Helping Female Athletes Avoid Knee Injuries
Female athletes are at far greater risk for serious knee injuries than their male counterparts, according to Duke University Medical Center sports medicine physicians.
Depending on age and the sport, a young woman is five to 10 times more likely to suffer a torn ACL, or anterior cruciate ligament, they said. Also, women who suffer this injury playing a non-contact sport frequently do so when pivoting and changing direction suddenly.
Orthopedic surgeon Allison Toth, M.D., director of the Duke Sports Medicine Center and team physician for Duke's women's athletic teams, said some of this increased risk is due to anatomical and hormonal differences between men and women, but not all.
"There are a number of factors that contribute to the higher incidence of knee injuries, particularly ACL injuries, in the female athlete," explained Toth. "Some of these factors are things we can't control, primarily hormonal factors such as the increase in estrogen and the lack of testosterone. These differences can result in having more lax ligaments than males.
"However, the biomechanical factors, such as some weakness about the hips and the dominance of the quadriceps muscles over hamstrings, are factors that we think we can control to help prevent some of these injuries."
Toth said there are a growing number of specialized programs to help female athletes avoid knee injuries.
"Most of them focus on teaching balance and landing techniques, as well as strengthening muscles around the pelvis and legs selectively, to help prevent those injuries."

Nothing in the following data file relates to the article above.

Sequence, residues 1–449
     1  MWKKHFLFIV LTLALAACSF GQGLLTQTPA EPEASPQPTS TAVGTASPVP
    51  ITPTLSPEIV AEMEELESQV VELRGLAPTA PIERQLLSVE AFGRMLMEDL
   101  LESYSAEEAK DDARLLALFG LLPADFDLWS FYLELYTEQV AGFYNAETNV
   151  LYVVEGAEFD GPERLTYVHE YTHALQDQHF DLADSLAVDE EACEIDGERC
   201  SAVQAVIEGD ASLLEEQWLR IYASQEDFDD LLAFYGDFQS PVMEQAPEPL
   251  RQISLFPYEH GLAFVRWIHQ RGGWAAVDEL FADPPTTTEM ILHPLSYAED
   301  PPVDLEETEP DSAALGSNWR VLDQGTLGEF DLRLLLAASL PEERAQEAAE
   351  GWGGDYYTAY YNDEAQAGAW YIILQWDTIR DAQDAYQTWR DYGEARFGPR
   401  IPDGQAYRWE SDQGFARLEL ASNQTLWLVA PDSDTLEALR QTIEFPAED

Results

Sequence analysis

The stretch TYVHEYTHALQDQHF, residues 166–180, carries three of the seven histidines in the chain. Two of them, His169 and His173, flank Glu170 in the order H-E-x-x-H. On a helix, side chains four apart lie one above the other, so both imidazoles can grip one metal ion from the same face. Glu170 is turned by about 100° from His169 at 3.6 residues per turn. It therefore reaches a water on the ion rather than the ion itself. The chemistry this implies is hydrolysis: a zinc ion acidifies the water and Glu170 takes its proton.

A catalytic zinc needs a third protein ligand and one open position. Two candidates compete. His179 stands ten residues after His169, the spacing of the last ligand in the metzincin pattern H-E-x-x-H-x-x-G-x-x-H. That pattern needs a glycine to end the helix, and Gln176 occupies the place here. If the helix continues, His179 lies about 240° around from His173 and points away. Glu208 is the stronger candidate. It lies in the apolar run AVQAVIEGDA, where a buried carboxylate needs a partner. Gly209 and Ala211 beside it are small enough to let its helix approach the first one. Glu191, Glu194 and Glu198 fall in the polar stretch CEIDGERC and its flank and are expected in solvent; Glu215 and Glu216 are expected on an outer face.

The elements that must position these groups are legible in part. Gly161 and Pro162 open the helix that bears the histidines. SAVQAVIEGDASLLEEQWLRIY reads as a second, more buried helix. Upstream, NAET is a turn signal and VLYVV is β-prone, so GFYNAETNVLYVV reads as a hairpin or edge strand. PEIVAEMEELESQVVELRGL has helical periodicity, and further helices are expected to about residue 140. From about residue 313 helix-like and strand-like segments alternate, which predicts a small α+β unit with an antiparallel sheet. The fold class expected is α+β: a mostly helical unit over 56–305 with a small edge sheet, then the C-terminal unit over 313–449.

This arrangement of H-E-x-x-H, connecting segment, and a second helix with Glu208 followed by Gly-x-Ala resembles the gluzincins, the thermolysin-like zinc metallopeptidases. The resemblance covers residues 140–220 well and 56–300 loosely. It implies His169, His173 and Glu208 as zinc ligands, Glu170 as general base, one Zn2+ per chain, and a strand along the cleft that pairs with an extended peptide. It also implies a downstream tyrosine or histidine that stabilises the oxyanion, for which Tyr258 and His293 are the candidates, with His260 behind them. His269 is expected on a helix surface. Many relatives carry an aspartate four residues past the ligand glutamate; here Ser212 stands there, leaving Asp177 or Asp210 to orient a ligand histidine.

Working with Vern Gambetta, one of the world's foremost sports performance specialists, and Gary Gray, a renowned physical therapist, Toth and her colleagues from the Duke Sports Medicine Center developed the Lower Extremity Prevention Performance Program (LEPPP).
The goal of the program is not only to reduce the incidence of ACL and other lower extremity injuries, but to improve performance by improving athleticism. Each workout consists of exercises to improve balance, flexibility, strength, coordination and power.
As for when to start injury-prevention screening and training in female athletes, Toth said the younger, the better.
"The young teenage population, the pre-adolescent, would probably be the best time to begin teaching neuromuscular programs, so that they can begin to incorporate that into their activities. It's easier to train early than it is to start when someone's already in college, though it's still helpful at the college age."